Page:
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Co-ownership and estoppel.

The editor of this section of the site is Samantha Jackson of 1 Chancery Lane, London.

Trustee in Bankruptcy

Equitable accounting

Davis (As trustee in bankruptcy of Jackson) v Jackson
[2017] EWHC 698 (Ch)


The Court considered the basis on which the proceeds of sale of a property held in joint names should be split between the trustee in bankruptcy of one joint owner, and the other joint owner. The Court held that sections 12 to 15 of the Trusts of Land and Appointment of Trustees Act 1996 had not replaced the doctrine of equitable accounting.


A husband (H) and wife (W) became estranged and lived apart. W re-mortgaged the property which she then owned, and in which she lived with her four children. This released a sum of money which she put towards the purchase of a second property (the Property). The remainder of the purchase price was borrowed on an interest-only mortgage. She then moved to the Property with her children. H had never lived at the Property.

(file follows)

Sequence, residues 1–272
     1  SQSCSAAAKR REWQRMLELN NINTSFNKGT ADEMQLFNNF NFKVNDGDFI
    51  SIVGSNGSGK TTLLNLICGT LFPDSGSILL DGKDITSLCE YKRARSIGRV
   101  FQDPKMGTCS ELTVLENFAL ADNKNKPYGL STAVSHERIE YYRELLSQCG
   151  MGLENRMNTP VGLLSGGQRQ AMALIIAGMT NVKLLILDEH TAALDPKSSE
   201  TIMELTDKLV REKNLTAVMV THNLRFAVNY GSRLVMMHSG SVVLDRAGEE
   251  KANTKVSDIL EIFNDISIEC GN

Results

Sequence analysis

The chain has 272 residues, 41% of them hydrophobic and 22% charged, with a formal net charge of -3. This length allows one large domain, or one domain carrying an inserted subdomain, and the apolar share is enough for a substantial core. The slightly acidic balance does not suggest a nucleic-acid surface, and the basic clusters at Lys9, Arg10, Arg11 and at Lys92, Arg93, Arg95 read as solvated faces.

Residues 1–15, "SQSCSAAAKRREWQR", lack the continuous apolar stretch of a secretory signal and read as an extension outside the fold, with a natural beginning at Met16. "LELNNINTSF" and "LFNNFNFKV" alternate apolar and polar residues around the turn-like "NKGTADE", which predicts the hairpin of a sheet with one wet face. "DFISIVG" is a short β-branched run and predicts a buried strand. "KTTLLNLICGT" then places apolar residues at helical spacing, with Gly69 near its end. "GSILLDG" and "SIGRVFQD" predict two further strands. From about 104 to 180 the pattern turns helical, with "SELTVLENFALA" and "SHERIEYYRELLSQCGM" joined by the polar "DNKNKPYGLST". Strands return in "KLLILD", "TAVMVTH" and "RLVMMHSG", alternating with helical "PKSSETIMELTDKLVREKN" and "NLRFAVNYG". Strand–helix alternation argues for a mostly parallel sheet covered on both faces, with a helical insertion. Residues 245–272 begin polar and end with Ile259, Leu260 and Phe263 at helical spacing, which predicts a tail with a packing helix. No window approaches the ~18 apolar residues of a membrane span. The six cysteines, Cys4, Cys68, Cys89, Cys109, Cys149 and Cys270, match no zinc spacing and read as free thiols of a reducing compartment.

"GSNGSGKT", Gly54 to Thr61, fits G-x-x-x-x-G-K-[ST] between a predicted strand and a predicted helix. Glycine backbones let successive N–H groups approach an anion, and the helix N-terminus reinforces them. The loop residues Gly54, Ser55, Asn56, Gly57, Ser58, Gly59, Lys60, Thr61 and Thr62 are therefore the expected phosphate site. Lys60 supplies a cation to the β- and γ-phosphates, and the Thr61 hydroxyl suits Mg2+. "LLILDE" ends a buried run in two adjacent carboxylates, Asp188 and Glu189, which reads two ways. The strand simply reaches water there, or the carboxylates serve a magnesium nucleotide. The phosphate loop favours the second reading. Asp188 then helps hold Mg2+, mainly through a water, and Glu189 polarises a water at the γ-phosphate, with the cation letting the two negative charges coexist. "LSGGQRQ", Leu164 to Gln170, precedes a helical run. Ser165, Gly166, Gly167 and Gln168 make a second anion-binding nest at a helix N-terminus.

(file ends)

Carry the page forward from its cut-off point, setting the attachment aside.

W then executed a trust deed concerning the Property. This declared, among other things, that W held the Property on trust for herself and H in equal shares. W then paid all of the interest payments under the mortgage and all of the household costs alone. H never made any interest payments under the mortgage or any contribution towards the Property or its maintenance. After a relatively short period of time, W started to experience cash flow problems. The mortgagee obtained an order for possession of the Property. The Property was re-mortgaged with a new mortgage lender which required the title to the Property to be transferred into H and W’s joint names and for both of them to be liable for repayment of the new mortgage loan. The Land Registry TR1 form used to transfer the title to their joint names contained a box in which an “X” was inserted signifying that they held the Property on trust for themselves as joint tenants. After the re-mortgage, W continued to make all of the payments under the new mortgage and in respect of the running and up-keep of the Property. H paid nothing and never occupied the Pro ... THIS IS AN EXTRACT OF THE FULL TEXT. TO GET THE FULL TEXT, SEE BELOW

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